Lucy Stanbrough is Head of Emerging Risks and Geopolitical Risks Research, based in London.
To mark International Women's Day 2021, the Disaster Risk Management Professional Practice Group (DRM PPG) asked Lucy about her experiences of working in Disaster Risk Management (DRM), the challenges women working in this field face and what advice she would give to other female geographers.
I was lucky enough to grow up in a time of great storytelling. Dante’s Peak, Twister, and Armageddon are some of the films that got me interested in disaster risk management. I realised I liked learning about how the world works, and the interaction between book perfect science and the real world was full of interesting interactions that I wanted to explore.
As part of my undergraduate degree I could do a year in industry, and after 30 'thank you but no thank you’s' from organisations, I emailed Bill McGuire after seeing him on a Channel 4 tsunami documentary. I ended up working with him and a group of wonderful people at the UCL Hazard Research Centre, which opened my eyes to the fact that I could make my curiosity into a job. It’s also where I met Rosa Sobradelo who was working on her PhD while I was there. Rosa told me about my current job at the Willis Research Network where I head up Emerging Risks and Geopolitical Risk research.
You can see the rest of my career pathway on my LinkedIn profile – I document it all because I think it’s important to give visibility. Find an area you’re interested in and reach out to people working in those fields for opportunities – you never know where it will lead.
Accelerating the pipeline of talent and creating opportunities. With it being International Women's Day the focus is on highlighting women, but it’s an issue for all areas of diversity and everyone has a part to play in creating equality and equity. It’s not going to happen if we wait for someone else to do it, so find an issue and start chipping away.
Back in 2015, Owen Barder started a pledge that caught my eye to not appear on male-only panels. A quote in his FAQs sticks with me to this day: “What happens if we have tried to find women but there is nobody available? Try harder. I’ll be happy to suggest some women who would be much better than me. You may need to organise your conference a little earlier to be sure of getting women on your panels”.
When I organise panels or projects it's something I always try to consider. Diversity of thought is essential for building resilience and preventing group-think, so if you’re in a leadership position then look at what you can do to support change and share opportunities, and if you’re in a team where promoting equality hasn’t been discussed, be brave and raise it.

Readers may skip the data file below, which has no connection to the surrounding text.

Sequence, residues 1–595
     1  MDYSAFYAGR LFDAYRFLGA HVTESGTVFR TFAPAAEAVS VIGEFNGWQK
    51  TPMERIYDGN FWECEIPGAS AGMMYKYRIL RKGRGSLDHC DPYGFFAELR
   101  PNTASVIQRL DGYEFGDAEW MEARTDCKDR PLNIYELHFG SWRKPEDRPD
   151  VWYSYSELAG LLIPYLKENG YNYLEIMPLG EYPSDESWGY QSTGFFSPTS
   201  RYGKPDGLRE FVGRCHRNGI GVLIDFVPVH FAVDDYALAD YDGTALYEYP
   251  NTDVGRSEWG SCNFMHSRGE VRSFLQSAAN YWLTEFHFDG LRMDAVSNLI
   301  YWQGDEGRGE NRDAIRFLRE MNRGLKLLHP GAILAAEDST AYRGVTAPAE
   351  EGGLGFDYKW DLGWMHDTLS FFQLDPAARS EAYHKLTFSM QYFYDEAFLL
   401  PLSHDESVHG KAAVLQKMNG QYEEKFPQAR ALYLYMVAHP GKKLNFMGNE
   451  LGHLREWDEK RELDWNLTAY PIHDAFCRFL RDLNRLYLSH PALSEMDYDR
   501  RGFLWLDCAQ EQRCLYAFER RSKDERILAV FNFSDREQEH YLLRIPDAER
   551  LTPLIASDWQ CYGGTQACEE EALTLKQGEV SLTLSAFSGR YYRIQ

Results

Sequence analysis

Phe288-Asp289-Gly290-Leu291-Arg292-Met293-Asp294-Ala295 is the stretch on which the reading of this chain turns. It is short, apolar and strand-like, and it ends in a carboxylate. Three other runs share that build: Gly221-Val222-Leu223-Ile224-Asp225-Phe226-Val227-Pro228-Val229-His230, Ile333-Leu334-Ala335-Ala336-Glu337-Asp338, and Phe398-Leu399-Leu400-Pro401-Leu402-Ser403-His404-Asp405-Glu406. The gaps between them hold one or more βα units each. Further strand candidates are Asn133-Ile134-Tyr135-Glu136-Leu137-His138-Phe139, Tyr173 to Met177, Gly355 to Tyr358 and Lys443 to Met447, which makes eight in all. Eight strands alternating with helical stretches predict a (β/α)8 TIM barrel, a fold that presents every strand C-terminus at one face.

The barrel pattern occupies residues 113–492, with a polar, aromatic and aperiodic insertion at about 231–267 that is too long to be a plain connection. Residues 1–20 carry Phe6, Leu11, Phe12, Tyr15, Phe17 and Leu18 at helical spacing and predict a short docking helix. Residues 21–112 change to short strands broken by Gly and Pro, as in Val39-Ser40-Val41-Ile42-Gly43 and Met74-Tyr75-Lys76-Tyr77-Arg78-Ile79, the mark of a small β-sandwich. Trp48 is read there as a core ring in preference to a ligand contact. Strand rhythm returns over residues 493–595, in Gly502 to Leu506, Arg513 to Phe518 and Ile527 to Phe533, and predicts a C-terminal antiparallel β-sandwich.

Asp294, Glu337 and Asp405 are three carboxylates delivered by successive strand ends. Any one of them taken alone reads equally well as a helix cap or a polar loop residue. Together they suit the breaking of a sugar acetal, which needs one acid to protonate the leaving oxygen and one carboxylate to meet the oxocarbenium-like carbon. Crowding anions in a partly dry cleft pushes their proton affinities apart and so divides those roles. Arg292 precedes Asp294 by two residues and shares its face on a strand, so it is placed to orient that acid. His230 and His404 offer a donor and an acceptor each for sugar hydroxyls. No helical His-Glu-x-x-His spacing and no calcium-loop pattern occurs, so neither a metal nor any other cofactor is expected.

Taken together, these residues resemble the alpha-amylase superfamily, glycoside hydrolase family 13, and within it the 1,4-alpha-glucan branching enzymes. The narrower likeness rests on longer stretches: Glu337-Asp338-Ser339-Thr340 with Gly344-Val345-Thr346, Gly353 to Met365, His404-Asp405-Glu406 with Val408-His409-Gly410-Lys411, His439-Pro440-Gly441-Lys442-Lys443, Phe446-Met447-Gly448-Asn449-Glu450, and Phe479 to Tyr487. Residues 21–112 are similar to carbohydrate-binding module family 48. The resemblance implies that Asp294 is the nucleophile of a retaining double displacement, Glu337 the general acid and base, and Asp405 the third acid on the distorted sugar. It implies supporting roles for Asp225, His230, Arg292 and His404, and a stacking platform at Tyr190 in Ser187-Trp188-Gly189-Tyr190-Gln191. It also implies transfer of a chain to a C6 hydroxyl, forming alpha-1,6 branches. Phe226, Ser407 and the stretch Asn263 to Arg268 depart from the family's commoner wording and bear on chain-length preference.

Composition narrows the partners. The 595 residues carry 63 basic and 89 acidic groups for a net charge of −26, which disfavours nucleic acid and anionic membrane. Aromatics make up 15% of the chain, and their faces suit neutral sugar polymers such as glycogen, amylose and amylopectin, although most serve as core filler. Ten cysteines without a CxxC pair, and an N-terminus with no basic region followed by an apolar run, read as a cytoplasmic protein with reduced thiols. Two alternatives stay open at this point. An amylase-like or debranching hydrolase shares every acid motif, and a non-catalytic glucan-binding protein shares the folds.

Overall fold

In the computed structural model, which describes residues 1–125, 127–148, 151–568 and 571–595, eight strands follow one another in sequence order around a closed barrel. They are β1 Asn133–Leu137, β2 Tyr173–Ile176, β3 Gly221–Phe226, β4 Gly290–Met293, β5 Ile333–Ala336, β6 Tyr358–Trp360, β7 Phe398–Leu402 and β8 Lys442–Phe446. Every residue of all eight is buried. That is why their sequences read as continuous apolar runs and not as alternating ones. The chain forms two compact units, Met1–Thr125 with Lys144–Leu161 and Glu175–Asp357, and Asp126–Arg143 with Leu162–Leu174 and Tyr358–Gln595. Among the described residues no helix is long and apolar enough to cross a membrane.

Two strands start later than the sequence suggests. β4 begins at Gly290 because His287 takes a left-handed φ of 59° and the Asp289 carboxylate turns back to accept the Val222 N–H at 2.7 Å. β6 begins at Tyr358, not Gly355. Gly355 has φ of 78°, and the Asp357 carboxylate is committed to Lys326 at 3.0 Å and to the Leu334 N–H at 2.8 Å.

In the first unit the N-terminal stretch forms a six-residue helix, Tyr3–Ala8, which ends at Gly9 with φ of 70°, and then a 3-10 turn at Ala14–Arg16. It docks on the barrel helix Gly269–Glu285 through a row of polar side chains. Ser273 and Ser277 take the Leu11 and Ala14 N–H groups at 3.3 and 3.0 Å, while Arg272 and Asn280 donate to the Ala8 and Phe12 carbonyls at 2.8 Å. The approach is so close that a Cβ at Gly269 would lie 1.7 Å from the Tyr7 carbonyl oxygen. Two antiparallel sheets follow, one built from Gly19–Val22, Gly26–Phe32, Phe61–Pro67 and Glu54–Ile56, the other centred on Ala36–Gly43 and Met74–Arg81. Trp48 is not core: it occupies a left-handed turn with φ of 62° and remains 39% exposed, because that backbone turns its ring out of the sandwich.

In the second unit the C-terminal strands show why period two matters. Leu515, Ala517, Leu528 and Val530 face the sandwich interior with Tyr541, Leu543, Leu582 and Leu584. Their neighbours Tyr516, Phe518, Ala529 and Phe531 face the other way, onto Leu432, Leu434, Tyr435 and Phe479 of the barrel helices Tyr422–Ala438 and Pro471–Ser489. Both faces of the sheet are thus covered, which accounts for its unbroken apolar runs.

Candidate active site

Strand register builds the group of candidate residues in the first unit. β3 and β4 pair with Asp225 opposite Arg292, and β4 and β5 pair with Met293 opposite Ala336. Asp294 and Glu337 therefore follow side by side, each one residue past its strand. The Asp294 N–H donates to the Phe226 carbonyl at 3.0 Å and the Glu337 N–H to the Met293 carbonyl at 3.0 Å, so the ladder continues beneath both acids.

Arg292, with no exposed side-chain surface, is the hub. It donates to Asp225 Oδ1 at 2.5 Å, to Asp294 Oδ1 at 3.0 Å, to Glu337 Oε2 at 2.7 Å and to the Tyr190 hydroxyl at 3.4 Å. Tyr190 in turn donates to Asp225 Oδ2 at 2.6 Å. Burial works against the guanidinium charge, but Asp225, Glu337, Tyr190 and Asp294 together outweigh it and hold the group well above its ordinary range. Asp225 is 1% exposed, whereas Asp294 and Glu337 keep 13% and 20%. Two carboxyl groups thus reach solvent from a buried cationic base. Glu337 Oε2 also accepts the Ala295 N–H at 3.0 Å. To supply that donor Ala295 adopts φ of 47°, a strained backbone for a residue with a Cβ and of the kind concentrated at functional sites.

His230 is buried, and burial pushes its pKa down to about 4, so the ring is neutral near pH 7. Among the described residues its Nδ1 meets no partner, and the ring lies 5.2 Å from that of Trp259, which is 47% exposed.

The one that sticks clearest in my mind came from work I did with Marla Petal on global school safety – Marla shared a Save the Children report that introduced me to gendered differences. There was speculation that the higher death rates for women may have been the result of gendered division of labour 'with more women indoors cooking and caring for young children may have contributed to some of this imbalance'.
There are a lot of hidden biases out there that you don’t see until they are pointed out. Invisible Women by Caroline Criado Perez is an eye opener, and a friend at UCL (Dr Leonie Tanczer) has a newsletter on gender and IoT that fascinates me – there’s a lot of value in reading outside your sector to open your eyes to alternate views and find common problems.
Bravery and determination. Which looks different on everyone – it might be taking a public stand on an issue, or turning up to work every day in a hostile environment. Find inspiration, but don’t make comparisons – there’s no other you in the world.
My inspiration of the month is ex-Councillor Pam Barrett, who moved from Westminster to a small town in Devon, and began to see how badly the town was served by the town and regional councils, and took action. There’s a great podcast episode on it so I won’t spoil the story, but we could all be a bit more Pam (or support the Pam in your life) to get things done.
Don’t wait to be asked – be brave.
* This interview was undertaken in 2021 and was correct at the time of publication. Please note that the featured individual may no longer be in this role, but the profile has been kept for career pathway and informational purposes.
Job title: Head of Emerging Risks and Geopolitical Risks Research
Organisation: Willis Research Network
Location: London, UK
This group brings together risk-focused professionals from across disaster risk reduction, re/insurance, humanitarian, governmental and academic sectors, to promote best practice and uncover latent geographical knowledge, skills and practice they have in common.
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